When the reinforcement is a plate, it is straight-forward: specify the bottom flange with a thickness of the combined flange and plate (tf' = tf + plate thickness) and specify the width as the width that would produce the same area as the combined flange and plate (bf' = (area of flange + area of plate) / tf'). This will give correct results, except the check for width / thickness requirements of the bottom flange will be based on the tf' and bf' dimensions rather than the real dimensions (which shouldn't be a problem unless the plate is very wide and thin). In this case Note, you do not have to specify the values of Area, Ix, Sx, Zx, etc. in the table(i.e., only specify the top and bottom flange dimensions and the depth and web thickness). If those values are left blank the program will calculate them based on the rectangular section dimensions.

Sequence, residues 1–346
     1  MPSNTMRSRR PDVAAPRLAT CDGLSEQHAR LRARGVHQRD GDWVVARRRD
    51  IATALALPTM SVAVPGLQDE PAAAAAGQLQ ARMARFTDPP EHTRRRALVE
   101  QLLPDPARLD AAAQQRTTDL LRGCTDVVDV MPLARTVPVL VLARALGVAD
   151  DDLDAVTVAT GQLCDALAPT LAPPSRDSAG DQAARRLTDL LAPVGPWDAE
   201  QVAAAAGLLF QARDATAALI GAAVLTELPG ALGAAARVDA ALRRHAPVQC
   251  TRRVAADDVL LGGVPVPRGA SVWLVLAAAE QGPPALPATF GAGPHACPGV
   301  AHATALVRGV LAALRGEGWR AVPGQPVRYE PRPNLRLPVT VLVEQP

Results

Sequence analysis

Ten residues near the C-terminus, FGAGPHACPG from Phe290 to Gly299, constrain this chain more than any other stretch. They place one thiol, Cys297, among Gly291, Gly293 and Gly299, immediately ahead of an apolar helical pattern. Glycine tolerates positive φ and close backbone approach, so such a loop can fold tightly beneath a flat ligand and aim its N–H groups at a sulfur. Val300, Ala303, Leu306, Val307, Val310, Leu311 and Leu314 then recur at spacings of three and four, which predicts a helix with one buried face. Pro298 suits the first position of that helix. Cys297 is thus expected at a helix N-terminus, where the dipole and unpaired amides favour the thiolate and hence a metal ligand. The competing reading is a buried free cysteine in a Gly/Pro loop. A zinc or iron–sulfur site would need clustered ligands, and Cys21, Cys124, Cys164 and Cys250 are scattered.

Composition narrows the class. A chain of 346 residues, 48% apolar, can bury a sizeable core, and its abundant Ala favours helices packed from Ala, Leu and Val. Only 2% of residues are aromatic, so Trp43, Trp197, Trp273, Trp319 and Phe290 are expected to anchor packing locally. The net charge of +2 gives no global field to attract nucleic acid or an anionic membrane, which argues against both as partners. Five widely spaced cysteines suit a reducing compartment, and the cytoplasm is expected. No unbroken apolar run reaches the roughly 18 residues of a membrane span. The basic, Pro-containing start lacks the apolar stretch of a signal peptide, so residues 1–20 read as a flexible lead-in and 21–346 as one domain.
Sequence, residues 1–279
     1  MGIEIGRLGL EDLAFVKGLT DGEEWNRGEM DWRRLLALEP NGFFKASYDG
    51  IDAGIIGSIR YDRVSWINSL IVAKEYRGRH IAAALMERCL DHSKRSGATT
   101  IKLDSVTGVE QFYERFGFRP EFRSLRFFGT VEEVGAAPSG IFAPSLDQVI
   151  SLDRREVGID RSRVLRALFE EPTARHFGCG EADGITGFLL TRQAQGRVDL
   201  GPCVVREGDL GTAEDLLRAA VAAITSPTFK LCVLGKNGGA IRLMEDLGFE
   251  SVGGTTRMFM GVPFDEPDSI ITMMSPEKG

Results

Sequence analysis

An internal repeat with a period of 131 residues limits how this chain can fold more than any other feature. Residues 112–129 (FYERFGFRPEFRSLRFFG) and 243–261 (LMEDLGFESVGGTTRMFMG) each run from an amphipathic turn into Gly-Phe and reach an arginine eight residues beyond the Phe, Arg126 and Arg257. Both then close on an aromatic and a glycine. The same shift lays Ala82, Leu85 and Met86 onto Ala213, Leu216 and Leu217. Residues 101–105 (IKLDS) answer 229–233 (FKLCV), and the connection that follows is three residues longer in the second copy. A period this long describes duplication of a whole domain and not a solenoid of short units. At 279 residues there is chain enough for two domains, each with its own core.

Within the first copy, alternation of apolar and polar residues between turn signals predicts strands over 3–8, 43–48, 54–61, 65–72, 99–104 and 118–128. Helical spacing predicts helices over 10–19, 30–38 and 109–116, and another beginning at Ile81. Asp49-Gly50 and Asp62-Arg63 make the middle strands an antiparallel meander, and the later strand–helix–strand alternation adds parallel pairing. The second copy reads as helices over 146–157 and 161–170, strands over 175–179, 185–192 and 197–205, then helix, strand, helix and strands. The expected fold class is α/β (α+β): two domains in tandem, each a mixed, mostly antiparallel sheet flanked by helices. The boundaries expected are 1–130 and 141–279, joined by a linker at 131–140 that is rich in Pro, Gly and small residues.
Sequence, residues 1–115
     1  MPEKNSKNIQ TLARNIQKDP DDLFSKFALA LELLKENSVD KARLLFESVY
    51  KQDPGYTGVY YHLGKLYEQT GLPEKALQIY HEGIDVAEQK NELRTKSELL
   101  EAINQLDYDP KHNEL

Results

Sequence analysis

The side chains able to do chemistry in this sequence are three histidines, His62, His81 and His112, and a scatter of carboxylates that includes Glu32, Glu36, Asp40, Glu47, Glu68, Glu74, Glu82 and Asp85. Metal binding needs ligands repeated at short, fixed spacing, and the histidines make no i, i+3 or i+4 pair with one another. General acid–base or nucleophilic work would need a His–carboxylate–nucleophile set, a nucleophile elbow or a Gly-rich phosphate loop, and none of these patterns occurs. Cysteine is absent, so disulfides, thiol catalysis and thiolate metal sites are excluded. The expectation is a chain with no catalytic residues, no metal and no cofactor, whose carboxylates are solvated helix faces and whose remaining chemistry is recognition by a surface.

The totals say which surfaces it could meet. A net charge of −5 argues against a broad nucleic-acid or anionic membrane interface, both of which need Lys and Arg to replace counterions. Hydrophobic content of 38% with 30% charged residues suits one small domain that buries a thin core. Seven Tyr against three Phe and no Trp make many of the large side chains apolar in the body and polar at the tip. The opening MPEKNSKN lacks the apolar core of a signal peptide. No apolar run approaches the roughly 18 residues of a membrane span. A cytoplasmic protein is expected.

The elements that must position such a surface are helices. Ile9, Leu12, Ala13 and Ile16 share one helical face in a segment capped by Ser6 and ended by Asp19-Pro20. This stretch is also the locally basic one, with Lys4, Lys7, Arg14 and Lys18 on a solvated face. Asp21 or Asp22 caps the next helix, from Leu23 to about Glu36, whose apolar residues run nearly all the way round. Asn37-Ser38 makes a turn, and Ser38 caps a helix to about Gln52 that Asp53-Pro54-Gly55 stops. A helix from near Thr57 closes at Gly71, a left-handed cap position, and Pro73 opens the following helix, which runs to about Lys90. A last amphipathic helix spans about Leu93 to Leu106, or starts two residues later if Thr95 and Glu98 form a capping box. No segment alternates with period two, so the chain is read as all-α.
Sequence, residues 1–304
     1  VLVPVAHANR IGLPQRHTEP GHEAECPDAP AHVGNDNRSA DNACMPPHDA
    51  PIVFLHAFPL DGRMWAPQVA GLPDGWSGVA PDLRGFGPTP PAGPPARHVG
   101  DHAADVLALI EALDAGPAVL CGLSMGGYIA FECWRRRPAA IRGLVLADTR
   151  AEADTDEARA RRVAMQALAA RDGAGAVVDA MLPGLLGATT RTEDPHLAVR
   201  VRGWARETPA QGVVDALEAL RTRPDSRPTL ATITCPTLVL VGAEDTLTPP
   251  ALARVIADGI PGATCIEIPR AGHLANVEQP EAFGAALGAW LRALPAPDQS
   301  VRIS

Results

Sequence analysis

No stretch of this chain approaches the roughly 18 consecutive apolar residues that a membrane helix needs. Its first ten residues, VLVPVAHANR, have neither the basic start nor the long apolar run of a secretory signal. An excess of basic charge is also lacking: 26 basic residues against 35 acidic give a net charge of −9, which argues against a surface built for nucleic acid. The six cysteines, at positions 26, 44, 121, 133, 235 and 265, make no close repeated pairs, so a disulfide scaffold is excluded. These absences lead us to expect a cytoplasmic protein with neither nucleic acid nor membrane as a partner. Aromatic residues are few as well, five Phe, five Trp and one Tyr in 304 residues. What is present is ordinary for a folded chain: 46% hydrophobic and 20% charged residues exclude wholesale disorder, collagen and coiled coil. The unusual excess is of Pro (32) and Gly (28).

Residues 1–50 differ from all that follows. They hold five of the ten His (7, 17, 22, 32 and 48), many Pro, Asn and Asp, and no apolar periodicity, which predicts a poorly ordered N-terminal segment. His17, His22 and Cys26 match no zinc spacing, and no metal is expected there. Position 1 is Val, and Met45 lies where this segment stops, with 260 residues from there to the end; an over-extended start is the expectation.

Reinforcing the section with something other than a plate is more complicated. The dimensions specified for the bottom flange would have to account for the contribution of the real configuration of flange and channel or tube. You can't do this so that both the Zx (plastic section) and Ix (elastic section) are correct if the PNA or Ybar for any of the conditions (pre-composite or composite) falls in the bottom flange or in the added shape. I would try the following: calculate the bottom flange thickness as the overall vertical dimension of the flange thickness + the vertical dimension of the added shape (e.g., tf' = tf + tw for a channel, tf' = tf + b for a tube). Then calculate the area of the bottom flange + the area of the added shape. Then calculate the "equivalent" flange width (bf' = (area of flange + area of added shape) / tf'). Note that this is identical to what was done in the previous paragraph for a plate, but especially in the case of an added tube these dimensions will look very odd (thick and narrow). Again, do not specify the Area, Ix, etc in the table; let the program do that. Again, as long as the PNA is not in the bottom flange, the program should calculate Z correctly. I think that the deflections will also be correct as long as the elastic neutral axis (Ybar) does not fall within the bottom flange or added shape. Note that one major problem is that the program will not correctly perform any of the b/t checks for the added shape (for example the b/t ratio of the tube web) or for the bottom flange. If any of the elements are slender the composite design would be invalid.